The loss of a musical genius

Published 7:00 am Wednesday, June 24, 2015

There are so many different elements necessary to make a great film. Every film needs actors who play the characters, scriptwriters who tell the story and music composers who tug at the heartstrings through the use of expertly composed scores.

The film world lost a strong note on Monday. Oscar-winning composer James Horner died in a plane crash at 61-years-old. While Horner was taken from this world far too soon, his work will live on through his music.

Throughout his long career, Horner composed more than 150 film scores, which happen to be some of the best of all time.

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Horner won an Oscar for original dramatic score for his work on the 1997 best picture winner “Titanic.” The film became a classic partly because of Horner’s magic touch. Between the acting, the costumes and cinematography, “Titanic” captured the hearts of audiences everywhere. But it was the music that truly made “Titanic” one of the most memorable films of our time. Horner also won an Academy Award for composing the film’s original song “My Heart Will Go On” performed by Celine Dion.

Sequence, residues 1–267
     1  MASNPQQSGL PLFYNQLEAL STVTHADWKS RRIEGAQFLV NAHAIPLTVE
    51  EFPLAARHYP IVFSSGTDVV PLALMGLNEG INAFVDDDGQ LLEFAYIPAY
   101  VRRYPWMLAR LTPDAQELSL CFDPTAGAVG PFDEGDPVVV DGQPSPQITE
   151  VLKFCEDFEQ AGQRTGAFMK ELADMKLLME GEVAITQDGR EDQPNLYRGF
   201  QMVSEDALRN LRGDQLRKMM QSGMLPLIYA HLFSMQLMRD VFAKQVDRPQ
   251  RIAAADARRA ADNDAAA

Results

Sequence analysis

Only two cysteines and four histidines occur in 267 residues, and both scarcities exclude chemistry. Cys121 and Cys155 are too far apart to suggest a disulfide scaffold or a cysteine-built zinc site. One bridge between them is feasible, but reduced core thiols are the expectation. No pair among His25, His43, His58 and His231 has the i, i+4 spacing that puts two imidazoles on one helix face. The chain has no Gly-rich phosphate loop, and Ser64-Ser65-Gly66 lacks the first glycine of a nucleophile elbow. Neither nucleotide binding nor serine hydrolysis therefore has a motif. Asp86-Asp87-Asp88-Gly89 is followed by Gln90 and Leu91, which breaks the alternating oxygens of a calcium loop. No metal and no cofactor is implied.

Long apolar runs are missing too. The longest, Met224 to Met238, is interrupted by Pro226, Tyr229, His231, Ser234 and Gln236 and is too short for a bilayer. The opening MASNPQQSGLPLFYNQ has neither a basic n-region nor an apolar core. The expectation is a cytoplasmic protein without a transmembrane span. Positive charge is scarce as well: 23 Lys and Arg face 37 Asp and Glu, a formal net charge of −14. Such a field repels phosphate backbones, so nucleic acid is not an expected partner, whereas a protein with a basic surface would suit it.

Horner’s somber, yet powerful score in “Titanic” set the tone for the entire movie.

Horner lent his musical ear to numerous other films, including “Aliens,” “Avatar,” and “Braveheart,” all of which he received Oscar nominations for best original score.

There’s no doubt the film world lost a truly precious gem.

I must’ve been about 10-years-old when I first saw “Titanic.” At a young age, I was exposed to some of the greatest film scores ever written. My parents introduced me to a plethora of films from the 1930’s to present-day.

But I have to say nothing has beat “Titanic” yet. The film’s music is truly original and captures the very essence of the film.

Horner will be missed.